One of the most vicious and hard to detect issues in database performance deterioration is I/O. When the I/O of a database is lagging there are multiple and unpredicted issues occuring.
Some of the most common are:
The immediate reaction of the person troubleshooting a growing list of pending queries, is to check the slow query log. If the slow log contains queries (probably will) then one will start investigating which of the queries was the cause of the problem.
However when machine I/O is the problem, it is likely that none of the queries is actually problematic.
This is the reason that I/O issues are very difficult to detect – infrastructure is the last thing to come to mind as the root of the problems.
When using AWS RDS, one does not have traditional OS tools such as systat, iostat, dtstat or sar. The only tool to understand what is happening in RDS is cloudwatch metrics and the graphs provided.
The IOPS cloudwatch metrics provide great insights into how much IOPS occur in your db.
You can view them by visiting cloudwatch, selecting RDS and then finding the ReadIOPS and WriteIOPS metrics for your database.
Once the graph shows up, select the 1 minute granularity and “average” from the dropdown.
By summing up the ReadIOPS and WriteIOPS you will see how much IOPS your operations consume.
The DiskQueueDepth metric provides the number of outstanding IOs (read/write requests) waiting to access the disk. If this metrics is frequently above 2, then you should expect sooner or later to face performance issues.
By using this metric you can immediately identify how many requests are waiting queued at your disk.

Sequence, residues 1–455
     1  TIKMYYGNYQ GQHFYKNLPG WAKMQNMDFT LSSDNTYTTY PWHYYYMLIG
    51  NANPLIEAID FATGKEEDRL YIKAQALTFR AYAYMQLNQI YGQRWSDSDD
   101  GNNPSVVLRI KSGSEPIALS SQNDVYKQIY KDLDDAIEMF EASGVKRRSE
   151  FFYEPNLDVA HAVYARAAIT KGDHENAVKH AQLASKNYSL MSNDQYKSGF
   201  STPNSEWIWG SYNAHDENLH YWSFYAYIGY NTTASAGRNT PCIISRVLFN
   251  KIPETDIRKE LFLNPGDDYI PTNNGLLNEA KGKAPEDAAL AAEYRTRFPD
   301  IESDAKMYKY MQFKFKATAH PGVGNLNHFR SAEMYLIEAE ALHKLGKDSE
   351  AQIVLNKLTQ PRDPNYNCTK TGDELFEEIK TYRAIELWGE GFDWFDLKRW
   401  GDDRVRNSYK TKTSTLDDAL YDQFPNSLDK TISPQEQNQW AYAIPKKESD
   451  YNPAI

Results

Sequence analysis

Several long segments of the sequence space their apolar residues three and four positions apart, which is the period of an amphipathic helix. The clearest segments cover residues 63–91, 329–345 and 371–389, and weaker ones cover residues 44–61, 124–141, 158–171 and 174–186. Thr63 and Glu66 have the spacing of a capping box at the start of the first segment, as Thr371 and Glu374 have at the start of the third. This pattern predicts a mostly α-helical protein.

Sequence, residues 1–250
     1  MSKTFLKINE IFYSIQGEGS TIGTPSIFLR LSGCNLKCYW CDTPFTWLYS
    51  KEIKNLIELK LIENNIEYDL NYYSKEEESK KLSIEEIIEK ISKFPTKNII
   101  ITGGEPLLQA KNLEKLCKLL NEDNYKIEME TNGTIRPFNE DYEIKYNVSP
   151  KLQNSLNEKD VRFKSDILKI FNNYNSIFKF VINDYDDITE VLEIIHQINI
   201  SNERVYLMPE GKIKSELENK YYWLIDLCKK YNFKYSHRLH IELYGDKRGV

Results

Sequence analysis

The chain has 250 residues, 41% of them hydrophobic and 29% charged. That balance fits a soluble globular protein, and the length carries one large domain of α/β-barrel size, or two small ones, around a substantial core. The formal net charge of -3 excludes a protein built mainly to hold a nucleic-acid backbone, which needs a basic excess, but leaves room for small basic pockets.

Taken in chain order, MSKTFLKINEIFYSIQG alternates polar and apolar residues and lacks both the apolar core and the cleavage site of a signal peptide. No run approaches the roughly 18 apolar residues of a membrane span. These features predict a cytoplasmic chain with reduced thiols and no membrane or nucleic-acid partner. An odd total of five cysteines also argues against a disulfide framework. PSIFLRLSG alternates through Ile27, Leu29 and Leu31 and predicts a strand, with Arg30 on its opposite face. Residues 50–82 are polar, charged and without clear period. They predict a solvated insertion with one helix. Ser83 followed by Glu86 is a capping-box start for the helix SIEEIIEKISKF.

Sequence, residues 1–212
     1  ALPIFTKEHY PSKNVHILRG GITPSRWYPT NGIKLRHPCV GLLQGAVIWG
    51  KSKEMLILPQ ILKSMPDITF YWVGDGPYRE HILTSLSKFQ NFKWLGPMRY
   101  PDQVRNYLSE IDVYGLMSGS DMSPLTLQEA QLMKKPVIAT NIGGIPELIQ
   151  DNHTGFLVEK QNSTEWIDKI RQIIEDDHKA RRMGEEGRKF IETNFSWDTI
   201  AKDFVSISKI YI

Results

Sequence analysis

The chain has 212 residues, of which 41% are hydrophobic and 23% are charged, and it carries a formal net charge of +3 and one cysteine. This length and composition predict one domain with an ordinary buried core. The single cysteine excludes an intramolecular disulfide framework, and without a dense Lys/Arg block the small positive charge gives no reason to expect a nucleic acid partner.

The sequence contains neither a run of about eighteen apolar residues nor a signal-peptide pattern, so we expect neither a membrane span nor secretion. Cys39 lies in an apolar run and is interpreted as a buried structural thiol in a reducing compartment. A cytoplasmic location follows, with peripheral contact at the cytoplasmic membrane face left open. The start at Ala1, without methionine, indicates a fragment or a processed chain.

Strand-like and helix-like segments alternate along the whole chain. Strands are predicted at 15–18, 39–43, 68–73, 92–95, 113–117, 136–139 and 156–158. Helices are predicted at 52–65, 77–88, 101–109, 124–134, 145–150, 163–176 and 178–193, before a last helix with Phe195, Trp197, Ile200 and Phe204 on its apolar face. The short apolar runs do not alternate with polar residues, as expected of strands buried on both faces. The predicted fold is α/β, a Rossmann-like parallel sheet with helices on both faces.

Using the above two graphs it is easy to identify if you are under-provisioned or over-provisioned in IOPS.
To see how many IOPS are needed to have a steady performance, use the ReadIOPS and WriteIOPS metrics and sum up the values. Choose a descent time interval or a typical day from a performance point of view and also remove outliers. Compare this value with the IOPS you have provisioned.
Once you calculate how many IOPS are needed, then you have two ways to acquire them.
The first is to purchase PIOPS, which is more reliable but a lot more costly. The second is to use a gp2 disk for your RDS instance, which provides 3 IOPS per GB of storage.
Lets take an example.
Assuming on a typical day we have an avearge of 400 ReadIOPS and 500 WriteIOPS, it means that our disk is consuming 900 IOPS. It therefore makes sense to acquire approximately that amount of IOPS.
Using the above two ways one has the below options:
PIOPS is considered more reliable however it is more costly.
Hope this guide provided some good undertsanding into how IOPS work in RDS.
For more information please also check http://docs.aws.amazon.com/AmazonRDS/latest/UserGuide/CHAP_Storage.html